They plan to urge Washington to extend expiring trade benefits designed to help counter cocaine production in the South American region.
The presidents of Colombia, Ecuador, Peru and Bolivia sought the extension of US trade benefits for Ecuador and Bolivia on Tuesday.
The agreement was aimed at soothing friction caused by the decision of Hugo Chavez, the Venezuelan president, to split from their five-nation bloc in protest over US free trade deals.
The Andean leaders meeting in Quito, Ecuador, agreed that Alvaro Uribe, the Colombian president, would ask George Bush, the US president, to extend reduced trade tariffs for Ecuador and Bolivia as a reward for efforts to eradicate crops such as the coca leaf used to make illegal drugs.
The reduced tariff accord is due to expire in December. Uribe is expected to make the request during a visit to Washington on Wednesday.
Jorge Humberto Botero, the Colombian trade minister, said: "All countries would benefit from an extension.
"The Andean leaders asked that President Uribe take a message from the Andean countries during his meeting tomorrow with President Bush."
Andean leaders also want a consensus on how the bloc can negotiate for a free trade agreement with the European Union. Trade among the five Andean nations reached $9 billion last year.
Chavez, who says he is trying to free Venezuela and Latin America from US imperialism, pulled out of the Andean Community in April, accusing Colombia and Peru of scuttling the group by concluding trade deals with the United States.
Chavez wants to free Latin
America from US imperialism
Allied with Cuba, Chavez has promoted a socialist revolution as a counterweight to US-backed economic policies and joined forces with Bolivia in a push for more state control over energy resources.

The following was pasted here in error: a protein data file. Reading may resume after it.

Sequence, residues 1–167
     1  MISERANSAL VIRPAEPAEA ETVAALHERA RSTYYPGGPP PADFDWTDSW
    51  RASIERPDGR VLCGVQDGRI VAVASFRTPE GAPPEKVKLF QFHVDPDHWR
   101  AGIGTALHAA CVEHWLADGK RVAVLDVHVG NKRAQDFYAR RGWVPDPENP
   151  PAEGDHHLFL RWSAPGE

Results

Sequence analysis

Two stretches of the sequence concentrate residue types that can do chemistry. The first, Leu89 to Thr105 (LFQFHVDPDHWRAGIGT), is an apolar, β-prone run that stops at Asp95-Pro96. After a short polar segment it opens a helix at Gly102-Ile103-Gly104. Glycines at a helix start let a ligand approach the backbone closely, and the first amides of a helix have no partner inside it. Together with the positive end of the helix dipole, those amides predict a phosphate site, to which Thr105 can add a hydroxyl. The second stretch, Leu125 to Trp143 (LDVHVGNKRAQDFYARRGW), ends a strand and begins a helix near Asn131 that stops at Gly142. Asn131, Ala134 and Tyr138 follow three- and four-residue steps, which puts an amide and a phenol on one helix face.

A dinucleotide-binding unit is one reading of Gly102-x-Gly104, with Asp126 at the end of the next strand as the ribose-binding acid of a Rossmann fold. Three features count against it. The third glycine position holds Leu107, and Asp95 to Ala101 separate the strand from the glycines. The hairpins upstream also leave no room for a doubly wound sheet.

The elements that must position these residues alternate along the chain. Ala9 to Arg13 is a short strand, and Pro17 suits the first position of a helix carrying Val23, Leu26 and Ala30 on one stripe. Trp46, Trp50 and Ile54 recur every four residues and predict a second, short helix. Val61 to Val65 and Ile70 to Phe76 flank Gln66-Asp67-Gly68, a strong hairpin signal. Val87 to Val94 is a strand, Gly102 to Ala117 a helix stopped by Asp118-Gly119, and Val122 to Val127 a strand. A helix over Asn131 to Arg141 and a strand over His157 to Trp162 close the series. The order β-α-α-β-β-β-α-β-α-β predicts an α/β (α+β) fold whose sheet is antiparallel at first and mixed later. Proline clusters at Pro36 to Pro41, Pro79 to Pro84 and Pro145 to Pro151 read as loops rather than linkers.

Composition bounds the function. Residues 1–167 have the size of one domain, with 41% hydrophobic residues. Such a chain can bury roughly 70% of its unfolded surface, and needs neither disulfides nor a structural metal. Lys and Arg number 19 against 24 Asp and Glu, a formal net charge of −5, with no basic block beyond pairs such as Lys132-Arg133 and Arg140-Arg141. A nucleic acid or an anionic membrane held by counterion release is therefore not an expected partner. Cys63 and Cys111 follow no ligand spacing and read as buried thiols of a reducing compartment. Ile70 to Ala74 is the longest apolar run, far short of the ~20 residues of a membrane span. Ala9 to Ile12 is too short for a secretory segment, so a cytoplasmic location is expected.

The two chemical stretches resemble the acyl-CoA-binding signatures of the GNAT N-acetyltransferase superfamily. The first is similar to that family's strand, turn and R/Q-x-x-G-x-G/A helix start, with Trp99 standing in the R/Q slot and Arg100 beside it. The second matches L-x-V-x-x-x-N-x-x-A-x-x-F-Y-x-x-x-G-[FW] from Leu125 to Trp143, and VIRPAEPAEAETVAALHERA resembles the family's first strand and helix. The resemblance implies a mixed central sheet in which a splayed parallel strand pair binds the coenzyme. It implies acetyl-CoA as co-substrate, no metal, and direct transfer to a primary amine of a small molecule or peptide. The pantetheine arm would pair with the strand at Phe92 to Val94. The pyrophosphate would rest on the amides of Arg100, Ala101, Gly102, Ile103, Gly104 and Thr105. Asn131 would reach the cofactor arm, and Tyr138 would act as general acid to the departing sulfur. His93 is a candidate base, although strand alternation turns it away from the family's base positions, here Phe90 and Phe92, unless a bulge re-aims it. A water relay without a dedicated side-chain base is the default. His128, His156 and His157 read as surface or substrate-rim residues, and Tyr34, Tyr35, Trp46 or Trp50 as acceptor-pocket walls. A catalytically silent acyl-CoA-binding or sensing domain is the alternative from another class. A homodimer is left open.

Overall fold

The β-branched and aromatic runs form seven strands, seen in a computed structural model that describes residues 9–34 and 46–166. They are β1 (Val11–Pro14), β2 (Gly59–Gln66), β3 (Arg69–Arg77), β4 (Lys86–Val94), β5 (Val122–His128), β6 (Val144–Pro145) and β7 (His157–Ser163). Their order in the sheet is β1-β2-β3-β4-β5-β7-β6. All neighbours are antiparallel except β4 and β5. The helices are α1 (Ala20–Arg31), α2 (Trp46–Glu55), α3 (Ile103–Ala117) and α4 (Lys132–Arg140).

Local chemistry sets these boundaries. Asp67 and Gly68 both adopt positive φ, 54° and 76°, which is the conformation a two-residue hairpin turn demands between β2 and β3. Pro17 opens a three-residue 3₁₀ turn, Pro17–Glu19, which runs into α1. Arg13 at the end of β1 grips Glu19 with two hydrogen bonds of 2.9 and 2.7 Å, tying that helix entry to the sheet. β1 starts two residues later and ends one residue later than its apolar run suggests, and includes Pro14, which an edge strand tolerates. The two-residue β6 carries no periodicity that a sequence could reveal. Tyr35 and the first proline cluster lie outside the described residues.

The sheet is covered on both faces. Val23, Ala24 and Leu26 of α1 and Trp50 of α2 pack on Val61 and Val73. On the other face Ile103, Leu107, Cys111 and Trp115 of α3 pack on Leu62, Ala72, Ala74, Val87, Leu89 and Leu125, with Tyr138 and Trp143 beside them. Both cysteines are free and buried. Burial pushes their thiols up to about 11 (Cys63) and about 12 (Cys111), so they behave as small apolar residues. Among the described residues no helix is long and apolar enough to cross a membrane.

Chavez' stance contrasts with that of leaders in Brazil and Chile who try to balance their left-wing ideology with ties with Washington.
US officials say Chavez is destabilising the region by using Venezuela's oil wealth to influence the affairs of neighbouring nations, a charge he dismisses.
Evo Morales, Bolivia's first indigenous president, had sided with Venezuela and Cuba in calling for an alternative. He has not entered free trade talks, but the former coca leaf farmer agreed to a united Andean front.
"We need unity fundamentally to face more powerful foreign forces, to face the United States and negotiate on better terms, to have dialogue on better terms"
president of Bolivia
"We need unity fundamentally to face more powerful foreign forces, to face the United States and negotiate on better terms, to have dialogue on better terms," he said.
Morales met later with Ecuadorean Indian leaders who led protests earlier this year against free trade accords. Waving Bolivian and rainbow-hued indigenous flags, several hundred supporters chanted slogans against US trade deals and a US military base in Ecuador.
Peru signed a US free trade accord in April and Colombia completed negotiations in February.
Ecuador's free trade talks are frozen and face protests from indigenous leaders who fear a deal will threaten their livelihoods.